There are a variety of ways that people can be exposed to these chemicals and at different levels of exposure. For example, people can be exposed to low levels of PFAS through food, which can become contaminated through:
- Contaminated soil and water used to grow the food;
- Food packaging containing PFAS; and
- Equipment that used PFAS during food processing.
People can also be exposed to PFAS chemicals if they are released during normal use, biodegradation, or disposal of consumer products that contain PFAS. People may be exposed to PFAS used in commercially-treated products to make them stain- and water-repellent or nonstick. These goods include carpets, leather and apparel, textiles, paper and packaging materials, and nonstick cookware.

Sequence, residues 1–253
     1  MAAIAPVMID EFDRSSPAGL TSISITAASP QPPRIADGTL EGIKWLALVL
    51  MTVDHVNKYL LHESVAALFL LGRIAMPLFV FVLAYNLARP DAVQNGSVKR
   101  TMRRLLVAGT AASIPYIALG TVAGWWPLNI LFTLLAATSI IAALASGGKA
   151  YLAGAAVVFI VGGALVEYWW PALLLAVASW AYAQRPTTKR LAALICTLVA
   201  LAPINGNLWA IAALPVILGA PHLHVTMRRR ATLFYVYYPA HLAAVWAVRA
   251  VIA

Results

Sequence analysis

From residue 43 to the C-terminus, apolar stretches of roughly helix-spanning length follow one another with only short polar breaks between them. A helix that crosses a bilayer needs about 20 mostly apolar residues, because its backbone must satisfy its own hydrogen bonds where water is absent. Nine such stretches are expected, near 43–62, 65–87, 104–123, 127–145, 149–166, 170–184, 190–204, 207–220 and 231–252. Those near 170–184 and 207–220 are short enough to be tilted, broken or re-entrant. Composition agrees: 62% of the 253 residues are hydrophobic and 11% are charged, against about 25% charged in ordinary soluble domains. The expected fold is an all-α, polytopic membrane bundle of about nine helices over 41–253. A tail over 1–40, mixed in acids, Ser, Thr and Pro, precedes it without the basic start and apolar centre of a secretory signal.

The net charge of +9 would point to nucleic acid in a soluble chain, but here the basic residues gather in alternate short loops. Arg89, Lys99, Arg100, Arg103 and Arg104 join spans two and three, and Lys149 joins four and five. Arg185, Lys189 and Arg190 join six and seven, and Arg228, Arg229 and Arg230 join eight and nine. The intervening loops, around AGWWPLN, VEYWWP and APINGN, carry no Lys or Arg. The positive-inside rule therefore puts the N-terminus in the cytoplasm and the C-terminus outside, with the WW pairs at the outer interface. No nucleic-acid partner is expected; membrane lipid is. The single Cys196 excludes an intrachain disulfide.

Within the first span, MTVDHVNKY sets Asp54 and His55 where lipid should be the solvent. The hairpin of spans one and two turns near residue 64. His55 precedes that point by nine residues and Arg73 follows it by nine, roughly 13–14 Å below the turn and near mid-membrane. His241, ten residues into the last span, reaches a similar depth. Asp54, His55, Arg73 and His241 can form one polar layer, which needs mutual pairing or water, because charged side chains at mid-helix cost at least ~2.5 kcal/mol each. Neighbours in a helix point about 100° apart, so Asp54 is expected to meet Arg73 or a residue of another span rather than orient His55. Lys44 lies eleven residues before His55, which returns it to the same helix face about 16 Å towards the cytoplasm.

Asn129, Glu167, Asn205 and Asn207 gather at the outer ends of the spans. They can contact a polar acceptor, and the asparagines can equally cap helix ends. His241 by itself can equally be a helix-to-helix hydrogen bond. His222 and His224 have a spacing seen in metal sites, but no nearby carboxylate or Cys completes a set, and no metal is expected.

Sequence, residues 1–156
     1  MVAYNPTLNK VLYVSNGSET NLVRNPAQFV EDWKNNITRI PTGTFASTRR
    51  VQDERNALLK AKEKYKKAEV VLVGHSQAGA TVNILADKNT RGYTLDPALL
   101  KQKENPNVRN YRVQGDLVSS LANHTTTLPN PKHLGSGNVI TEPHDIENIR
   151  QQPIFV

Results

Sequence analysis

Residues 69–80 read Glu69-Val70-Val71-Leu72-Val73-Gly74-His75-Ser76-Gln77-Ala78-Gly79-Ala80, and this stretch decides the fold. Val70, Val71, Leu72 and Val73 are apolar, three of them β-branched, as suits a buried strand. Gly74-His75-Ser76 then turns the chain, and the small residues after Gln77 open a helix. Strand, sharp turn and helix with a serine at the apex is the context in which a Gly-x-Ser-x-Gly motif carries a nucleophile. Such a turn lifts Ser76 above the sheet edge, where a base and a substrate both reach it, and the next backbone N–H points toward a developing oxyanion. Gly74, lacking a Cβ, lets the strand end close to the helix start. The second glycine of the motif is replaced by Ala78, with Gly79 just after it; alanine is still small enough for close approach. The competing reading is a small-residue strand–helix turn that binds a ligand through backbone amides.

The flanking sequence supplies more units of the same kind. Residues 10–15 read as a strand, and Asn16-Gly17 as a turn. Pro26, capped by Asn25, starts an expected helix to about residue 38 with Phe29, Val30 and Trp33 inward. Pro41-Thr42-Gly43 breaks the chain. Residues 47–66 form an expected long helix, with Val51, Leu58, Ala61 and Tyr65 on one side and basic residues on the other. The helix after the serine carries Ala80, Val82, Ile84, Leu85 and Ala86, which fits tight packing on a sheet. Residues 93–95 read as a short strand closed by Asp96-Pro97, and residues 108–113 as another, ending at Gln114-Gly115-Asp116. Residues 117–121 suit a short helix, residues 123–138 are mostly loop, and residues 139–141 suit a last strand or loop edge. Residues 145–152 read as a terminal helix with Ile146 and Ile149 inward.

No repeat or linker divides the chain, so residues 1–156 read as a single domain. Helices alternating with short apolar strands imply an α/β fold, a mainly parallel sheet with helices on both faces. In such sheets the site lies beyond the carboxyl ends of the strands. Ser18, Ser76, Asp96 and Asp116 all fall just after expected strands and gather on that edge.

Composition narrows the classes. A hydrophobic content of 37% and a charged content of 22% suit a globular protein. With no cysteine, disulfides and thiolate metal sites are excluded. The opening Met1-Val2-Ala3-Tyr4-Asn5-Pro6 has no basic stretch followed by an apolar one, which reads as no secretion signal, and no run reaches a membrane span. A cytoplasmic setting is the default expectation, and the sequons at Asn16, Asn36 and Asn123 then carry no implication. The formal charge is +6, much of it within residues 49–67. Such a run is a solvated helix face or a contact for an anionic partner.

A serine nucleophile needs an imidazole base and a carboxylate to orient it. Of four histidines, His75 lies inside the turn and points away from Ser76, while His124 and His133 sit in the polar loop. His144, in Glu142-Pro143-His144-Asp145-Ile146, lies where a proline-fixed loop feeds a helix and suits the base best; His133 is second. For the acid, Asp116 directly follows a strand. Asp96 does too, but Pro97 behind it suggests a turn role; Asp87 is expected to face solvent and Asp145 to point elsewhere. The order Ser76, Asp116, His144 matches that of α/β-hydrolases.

People who work at PFAS production facilities, or facilities that manufacture goods made with PFAS, may be exposed in certain occupational settings or through contaminated air.
Drinking water can be a source of exposure in communities where these chemicals have contaminated water supplies. Such contamination is typically localized and associated with a specific facility, for example:
- an industrial facility where PFAS were produced or used to manufacture other products; or
- an oil refinery, airfield or other location at which PFAS were used for firefighting.
PFOA, PFOS, and GenX have been found in a number of drinking water systems due to localized contamination. You can view more information about exposures to PFAS through drinking water on our Drinking Water Health Advisories for PFOA and PFOS page.
(Information from EPA Basic Information on PFAS webpage)